Residents raise concerns over proposed 66-lot subdivision on site of former Guilderland pig farm

— From BM Guilderland, LLC submittal to town of Guilderland

The proposal from the limited-liability company owned by Carver Companies is for a 66-lot single-family residential cluster subdivision, with 62 of the homes accessible from either Route 146 or Concord Hill Drive and four located in a cul-de-sac at the end of Posson Road. 

GUILDERLAND — Neighbors known for voicing their opinions on matters affecting the land near William Vojnar’s former farm came to the Nov. 14 Guilderland Conservation Advisory Council meeting to continue that tradition.

Council members appeared surprised by the turnout and content of the attendees’ public comments because its jurisdiction is environmental and the concerns raised by those at the meeting were largely traffic-related. 

“This is fairly early in the process and our focus really is environmental conservation, land use, those kinds of things,” said councilmember Steven Sawicki. “There will be zoning and a bunch of other meetings … where you can ... raise your voices, let your concerns be known.” 

BM Guilderland, LLC is proposing a 66-lot single-family residential cluster subdivision, with 62 of the homes accessible from either Route 146 or Concord Hill Drive and four located in a cul-de-sac at the end of Posson Road. 

BM Guilderland’s proposal is to build the 66 homes on what’s currently four separate parcels of land, three of which are owned by either Karl or Ken Barth, who is a vice president at Carver Companies. The fourth property in the proposed development, 6458 Posson Road, is the final resting place of the prior tenant William Vojnar and the site of his former pig farm; suburban neighbors at Windmill Estates had objected to Vojnar’s farm.

To determine the number of lots allowed in a conservation or cluster development, Guilderland’s code says a developer has to submit a conventional subdivision plan to show the number of buildable lots that are allowed by an area’s particular zoning.

The proposed development is located in the Residential Overlay (RO40) District, where the minimum conventional lot size is 40,000 square feet. For a cluster development in an R40 District, the minimum lot size is 15,000 square feet.

A developer receives a density bonus, additional buildable lots, for providing “certain amenities,” like putting in sidewalks, protecting historically-significant resources, or allowing public access to conservation areas “in their cluster/conservation subdivision,” according to the town’s zoning code. Using a conventional subdivision plan, the developer shows 35 single-family homes spread across 87 acres. The housing number nearly doubles when a cluster plan is employed.

The town isn’t currently on board with a density bonus for BM Guilderland, an LLC owned by the Carver Companies. 

“A 100% density bonus was not supported by the town” at a September Development Planning Committee meeting, according to Town Planner Ken Kovalchik’s memo from the meeting, “as there is only 1 connection to a collector road (NYS Route 146) without having to cross a non-collector road. The other two ingress/egress points to the subdivision, Posson Road and Concord Hill Drive, require crossing non-collector roads.”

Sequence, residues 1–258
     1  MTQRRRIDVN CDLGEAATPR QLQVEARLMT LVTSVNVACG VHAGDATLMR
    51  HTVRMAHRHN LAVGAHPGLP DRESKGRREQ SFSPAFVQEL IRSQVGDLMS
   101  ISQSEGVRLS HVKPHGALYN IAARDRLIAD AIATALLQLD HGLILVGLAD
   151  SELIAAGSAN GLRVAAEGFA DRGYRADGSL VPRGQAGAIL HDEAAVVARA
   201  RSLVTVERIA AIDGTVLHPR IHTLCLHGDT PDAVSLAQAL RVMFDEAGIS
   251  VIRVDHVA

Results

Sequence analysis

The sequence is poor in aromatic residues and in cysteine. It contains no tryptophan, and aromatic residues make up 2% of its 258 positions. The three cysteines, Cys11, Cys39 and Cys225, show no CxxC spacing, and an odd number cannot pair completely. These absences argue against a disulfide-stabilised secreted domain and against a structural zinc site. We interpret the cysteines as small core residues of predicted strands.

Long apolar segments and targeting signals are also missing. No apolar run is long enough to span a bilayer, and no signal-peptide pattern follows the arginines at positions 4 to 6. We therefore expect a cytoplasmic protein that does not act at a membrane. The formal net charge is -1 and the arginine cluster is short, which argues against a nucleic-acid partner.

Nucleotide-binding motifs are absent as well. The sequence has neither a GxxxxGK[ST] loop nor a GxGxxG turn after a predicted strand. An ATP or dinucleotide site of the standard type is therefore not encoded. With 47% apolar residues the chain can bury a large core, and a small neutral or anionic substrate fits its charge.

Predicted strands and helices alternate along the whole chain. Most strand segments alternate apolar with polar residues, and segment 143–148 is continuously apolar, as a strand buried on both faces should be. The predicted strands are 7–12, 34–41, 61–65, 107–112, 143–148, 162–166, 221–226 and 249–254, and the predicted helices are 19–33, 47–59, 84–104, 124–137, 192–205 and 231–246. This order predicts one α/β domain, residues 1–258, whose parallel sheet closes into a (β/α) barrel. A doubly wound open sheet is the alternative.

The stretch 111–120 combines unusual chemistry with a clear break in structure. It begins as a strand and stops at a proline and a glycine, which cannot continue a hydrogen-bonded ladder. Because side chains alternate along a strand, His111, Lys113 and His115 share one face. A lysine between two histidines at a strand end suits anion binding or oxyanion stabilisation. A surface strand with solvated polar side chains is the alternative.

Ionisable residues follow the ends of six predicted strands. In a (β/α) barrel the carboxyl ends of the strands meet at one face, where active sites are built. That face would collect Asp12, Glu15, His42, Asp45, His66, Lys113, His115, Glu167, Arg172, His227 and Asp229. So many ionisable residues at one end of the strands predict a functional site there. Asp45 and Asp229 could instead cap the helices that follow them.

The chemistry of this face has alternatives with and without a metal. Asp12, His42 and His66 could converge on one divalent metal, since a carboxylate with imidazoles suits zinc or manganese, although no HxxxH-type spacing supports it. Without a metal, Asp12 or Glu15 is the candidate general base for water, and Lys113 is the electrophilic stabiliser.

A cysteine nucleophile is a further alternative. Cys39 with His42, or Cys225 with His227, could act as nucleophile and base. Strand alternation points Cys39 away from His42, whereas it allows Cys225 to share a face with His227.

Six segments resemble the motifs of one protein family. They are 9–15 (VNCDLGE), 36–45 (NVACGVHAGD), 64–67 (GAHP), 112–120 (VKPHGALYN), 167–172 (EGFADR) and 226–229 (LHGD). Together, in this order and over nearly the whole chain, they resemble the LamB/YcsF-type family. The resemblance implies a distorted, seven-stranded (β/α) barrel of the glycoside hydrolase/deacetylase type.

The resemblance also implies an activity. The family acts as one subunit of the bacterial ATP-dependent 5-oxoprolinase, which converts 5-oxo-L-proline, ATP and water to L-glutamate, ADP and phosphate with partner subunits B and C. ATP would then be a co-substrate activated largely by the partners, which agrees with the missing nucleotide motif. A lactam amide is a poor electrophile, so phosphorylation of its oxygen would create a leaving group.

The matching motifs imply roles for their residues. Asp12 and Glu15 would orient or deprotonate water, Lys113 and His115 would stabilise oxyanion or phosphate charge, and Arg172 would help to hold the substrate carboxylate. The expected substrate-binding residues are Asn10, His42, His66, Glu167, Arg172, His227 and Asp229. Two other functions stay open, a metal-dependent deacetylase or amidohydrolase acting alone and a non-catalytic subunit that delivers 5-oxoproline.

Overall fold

As for the actual environmental issues, the council walked through the environmental assessment form submitted by BM Guilderland and had the applicant’s engineer, Scott Lansing, clarify issues members had, which appeared to have been rechecking the correct boxes. 

The council then touched on stormwater-management practices, which Lansing said would have to be in accordance with state requirements. He was also asked to look at the local electrical infrastructure’s ability to take on the added capacity of the proposed development. 

The meeting took place on Nov. 14 and members were due for a site visit on Saturday, Nov. 19, after which Chairman John Wemple Jr. would write up a report.

In a Nov. 1 letter to planning board Chairman Stephen Feeney, Lansing requested, “We would like to request that the Barth Meadows Subdivision be placed on the next available Town Planning Board agenda for review.”


Locals’ concerns

Concord Hill Drive resident Dominic Paratore’s concern with the proposed development was that his street will be changed from a cul-de-sac to an access road to Western Avenue. 

There are two ways to enter and exit his current development, Windmill Estates, Paratore said: Hague Drive, which intersects with Western Avenue, and Halfmoon Drive, which intersects with Route 146. 

“I’m very confident that every resident in Windmill Estates, if they wanted to come to this meeting or go to Hannaford, they’re not using the 146 exit,” Paratore said. “They’re going to Hague Drive and they’re heading out to Western Avenue, [it] makes sense. Just like this new development would.”

Paratore said there’s a “very successful doctor’s office” on the corner of Hague Drive and Western Avenue and the approved development that’s proposed on the other side of Hague Drive from the doctor’s office and new self-storage facility across Western Avenue and the 66-home development would further  compound the traffic problems residents face. 

Concord Hill cul-de-sac resident Dan Harding said the new development’s roadway “would turn into a thoroughfare into the park. People would use this whole neighborhood to cut through to Tawasentha.”

Tom Townsend, who lives on Halfmoon Drive, said, “You can tell that our development has kind of become a, you know, thoroughfare for the high schoolers … It’s almost kind of common knowledge in the town that, if you take Hague Drive, you can sub-navigate the light on 20 in 146 … It’s not all those people, it’s the 10 people, each one of those people tell.”

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